Australia’s budget surplus has been slashed by $2.1billion because of a revenue drop and the effects of a severe drought and bushfires.
Treasurer Josh Frydenberg promised, in the April budget, a surplus would be delivered for the first time since 2007 – before the global financial crisis hit Australia.
The budget, unveiled a month before the election, forecast a surplus of $7.1billion.
But Treasury’s Mid-Year Economic and Fiscal Outlook released on Monday has downgraded that to $5billion, fearing the ‘devastating’ drought and bushfires would hit the economy.
The surplus for this financial year is $2.1billion or 30 per cent smaller than promised eight months ago.
Australia’s budget surplus has been slashed by $2.1billion because of a revenue drop and a slow economy. Treasurer Josh Frydenberg (left with Finance Minister Mathias Cormann) promised, in the April budget, a surplus would be delivered for the first time since 2007 – before the global financial crisis hit Australia
The economic growth forecast for 2019/20 has also been slashed to 2.25 per cent, down from 2.75 per cent, as Australia emerges from the weakest growth since the GFC a decade ago.
Treasury suggested bushfires and the drought would hurt the Australian economy, as global growth stalled.
‘Australia’s economy continues to show resilience in the face of weak momentum in the global economy as well as domestic challenges such as the devastating effects of drought and bushfires,’ it said.
‘Lower farm production and exports resulting from the drought are expected to continue to detract from growth in 2019-20.’
Mr Frydenberg, the Liberal Party’s deputy leader, was forced to reduce expectations for the size of the surpluses over the next four years because of shrinking tax revenue.
The Treasury, however, was upbeat about the economy, despite it suffering from a per capita recession.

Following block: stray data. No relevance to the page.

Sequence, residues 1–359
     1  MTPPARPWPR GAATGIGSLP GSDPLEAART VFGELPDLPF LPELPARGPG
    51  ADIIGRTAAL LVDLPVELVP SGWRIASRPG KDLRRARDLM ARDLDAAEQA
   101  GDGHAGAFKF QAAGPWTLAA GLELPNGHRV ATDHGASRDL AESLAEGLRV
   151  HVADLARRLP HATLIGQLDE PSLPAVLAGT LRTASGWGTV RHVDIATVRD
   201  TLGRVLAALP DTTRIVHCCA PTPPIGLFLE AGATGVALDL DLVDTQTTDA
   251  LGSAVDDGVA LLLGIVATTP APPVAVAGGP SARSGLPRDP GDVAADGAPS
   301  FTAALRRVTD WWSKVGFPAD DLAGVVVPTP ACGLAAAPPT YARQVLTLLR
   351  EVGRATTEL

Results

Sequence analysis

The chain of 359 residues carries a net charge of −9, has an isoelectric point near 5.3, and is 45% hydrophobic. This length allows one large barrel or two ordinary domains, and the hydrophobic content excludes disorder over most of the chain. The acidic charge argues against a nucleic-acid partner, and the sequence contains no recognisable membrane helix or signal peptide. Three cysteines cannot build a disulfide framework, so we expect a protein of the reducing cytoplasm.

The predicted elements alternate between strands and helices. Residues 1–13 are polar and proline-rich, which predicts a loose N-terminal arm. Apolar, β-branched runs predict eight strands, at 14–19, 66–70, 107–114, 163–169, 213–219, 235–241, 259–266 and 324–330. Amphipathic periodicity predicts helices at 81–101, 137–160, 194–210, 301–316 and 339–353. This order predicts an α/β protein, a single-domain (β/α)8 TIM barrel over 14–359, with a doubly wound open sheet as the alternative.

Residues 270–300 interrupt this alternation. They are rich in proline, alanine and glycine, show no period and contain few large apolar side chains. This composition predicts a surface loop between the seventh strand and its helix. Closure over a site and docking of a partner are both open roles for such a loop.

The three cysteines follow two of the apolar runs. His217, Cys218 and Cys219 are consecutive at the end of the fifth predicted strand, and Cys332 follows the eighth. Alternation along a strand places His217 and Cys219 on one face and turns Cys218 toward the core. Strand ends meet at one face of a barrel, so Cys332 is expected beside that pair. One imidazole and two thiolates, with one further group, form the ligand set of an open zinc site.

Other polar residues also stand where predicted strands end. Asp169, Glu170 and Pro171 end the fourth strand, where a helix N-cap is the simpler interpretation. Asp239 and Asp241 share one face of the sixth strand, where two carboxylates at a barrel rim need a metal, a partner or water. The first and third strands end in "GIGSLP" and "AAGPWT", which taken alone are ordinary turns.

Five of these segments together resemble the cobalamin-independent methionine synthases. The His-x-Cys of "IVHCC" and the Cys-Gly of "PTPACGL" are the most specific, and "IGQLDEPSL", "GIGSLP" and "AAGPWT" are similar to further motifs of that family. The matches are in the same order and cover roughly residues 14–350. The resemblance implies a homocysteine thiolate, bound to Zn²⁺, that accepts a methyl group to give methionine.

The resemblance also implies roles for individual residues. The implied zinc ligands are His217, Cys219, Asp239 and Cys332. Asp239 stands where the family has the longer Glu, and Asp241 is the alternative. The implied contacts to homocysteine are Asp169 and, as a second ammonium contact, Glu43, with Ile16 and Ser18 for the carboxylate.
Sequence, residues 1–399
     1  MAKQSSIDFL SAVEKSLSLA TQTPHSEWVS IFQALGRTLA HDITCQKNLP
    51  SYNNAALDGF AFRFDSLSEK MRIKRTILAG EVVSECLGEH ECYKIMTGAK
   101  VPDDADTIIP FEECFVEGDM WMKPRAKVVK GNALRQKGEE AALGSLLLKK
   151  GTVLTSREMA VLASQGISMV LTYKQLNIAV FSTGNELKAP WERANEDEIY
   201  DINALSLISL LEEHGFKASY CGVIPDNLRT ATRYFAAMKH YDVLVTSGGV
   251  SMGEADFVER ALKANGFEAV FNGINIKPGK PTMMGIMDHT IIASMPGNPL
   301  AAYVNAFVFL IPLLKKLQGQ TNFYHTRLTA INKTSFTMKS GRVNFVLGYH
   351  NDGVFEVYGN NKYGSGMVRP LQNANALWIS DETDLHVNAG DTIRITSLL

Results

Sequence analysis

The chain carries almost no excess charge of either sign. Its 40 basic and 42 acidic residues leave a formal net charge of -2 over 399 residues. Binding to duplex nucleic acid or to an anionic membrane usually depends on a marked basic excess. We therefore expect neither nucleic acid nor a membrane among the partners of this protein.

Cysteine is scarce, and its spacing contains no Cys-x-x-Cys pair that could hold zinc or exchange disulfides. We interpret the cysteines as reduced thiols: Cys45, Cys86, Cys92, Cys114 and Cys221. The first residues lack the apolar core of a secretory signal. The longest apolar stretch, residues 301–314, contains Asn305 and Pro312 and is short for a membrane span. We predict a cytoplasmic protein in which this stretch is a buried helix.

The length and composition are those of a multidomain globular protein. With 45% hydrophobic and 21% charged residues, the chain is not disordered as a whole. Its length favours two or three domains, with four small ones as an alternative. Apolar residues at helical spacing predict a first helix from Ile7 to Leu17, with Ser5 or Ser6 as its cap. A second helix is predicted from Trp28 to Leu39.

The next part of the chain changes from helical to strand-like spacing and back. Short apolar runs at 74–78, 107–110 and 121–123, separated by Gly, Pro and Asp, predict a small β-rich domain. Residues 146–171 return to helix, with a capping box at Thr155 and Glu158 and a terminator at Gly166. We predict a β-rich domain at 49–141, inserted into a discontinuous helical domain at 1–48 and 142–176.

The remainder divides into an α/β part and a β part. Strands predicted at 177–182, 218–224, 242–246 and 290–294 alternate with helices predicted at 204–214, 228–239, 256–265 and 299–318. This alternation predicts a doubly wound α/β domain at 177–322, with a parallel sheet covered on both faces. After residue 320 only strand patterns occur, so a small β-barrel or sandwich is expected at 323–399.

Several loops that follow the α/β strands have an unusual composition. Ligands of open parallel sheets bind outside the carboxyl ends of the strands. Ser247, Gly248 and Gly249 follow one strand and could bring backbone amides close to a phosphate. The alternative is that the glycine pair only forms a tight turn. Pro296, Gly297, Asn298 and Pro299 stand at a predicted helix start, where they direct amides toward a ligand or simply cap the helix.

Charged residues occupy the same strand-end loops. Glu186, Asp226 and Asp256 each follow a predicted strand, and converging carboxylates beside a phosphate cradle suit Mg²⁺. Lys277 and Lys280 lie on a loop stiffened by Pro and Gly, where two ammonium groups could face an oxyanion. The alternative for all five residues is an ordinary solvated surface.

‘The Mid-Year Economic and Fiscal Outlook confirms the resilience of the Australian economy and that the budget is on track to return to surplus for the first time in 12 years,’ Mr Frydenberg said in a statement on Monday.
Total tax receipts have been revised down by $3billion in 2019/20 and by $32.6 billion over the four years to 2022/23.
The surplus for 2020-21 is expected to shrink to $6.1billion, down from $11 billion as estimated in the April budget.
The budget, unveiled a month before the election, forecast a surplus of $7.1billion. But Treasury’s Mid-Year Economic and Fiscal Outlook released on Monday has downgraded that to $5billion. The surplus for this financial year is $2.1billion or 30 per cent smaller than promised eight months ago
LATEST KEY FEDERAL BUDGET AND ECONOMIC FORECASTS
* 2019/20 surplus $5 billion vs $7.1 billion at the April budget.
* 2020/21 surplus $6.1 billion vs $11.0 billion.
GROSS DOMESTIC PRODUCT
* 2019/20 2.25 per cent vs 2.75 per cent.
* 2020/21 2.75 per cent vs 2.75 per cent.
* 2019/20 5.25 per cent vs 5.0 per cent.
* 2020/21 5.25 per cent vs 5.0 per cent.
* 2019/20 2.5 per cent vs 2.75 per cent.
* 2020/21 2.5 per cent vs 3.25 per cent.
Source: Treasury Mid-Year Economic and Fiscal Outlook
However, Mr Frydenberg stuck to his 2.75 per cent growth forecast for 2020/21.
Wage growth forecasts were reduced, while the unemployment rate was expected to be higher than hoped at 5.25 per cent, rather than five per cent for this financial year and next.
While the mid-year update included a $623.9 million aged care package, there were no other new major spending measures to lift economic growth.
This will keep the pressure on the Reserve Bank of Australia to reduce the cash rate even more in 2020.
The RBA wants to see the jobless rate closer to 4.5 per cent to help lift wages growth.
Economists widely expect the central bank to cut the cash rate to 0.5 per cent, from the present record-low of 0.75 per cent, in February when the Reserve Bank board returns from the summer break.
KEY SPENDING SINCE THE PRE-ELECTION UPDATE
* Extra $4.2 billion on road and rail projects.
* $1 billion water infrastructure package.
* $540 million Australian Business Growth Fund.
* First home loan deposit scheme to start January 1.
* Drought support includes additional $1.3 billion since election.
* $624 million over four years for aged care in response to royal commission.
* $34 million extra for veterans’ support.
* $1 billion Grid Reliability Fund for new power generation, storage and transmission projects.
* $300 million for Papua New Guinea “economic reform”.
* $40 million over 10 years to test new ways of providing foreign aid.
* $2 billion Australian Infrastructure Financing Facility.
KEY SAVINGS SINCE THE PRE-ELECTION UPDATE:
* $196.4 million over four years through combatting illegal phoenix activity.
* Interest payments to drop as surplus.
* public service efficiency dividend to save $1.5 billion over four years to 2022/23.
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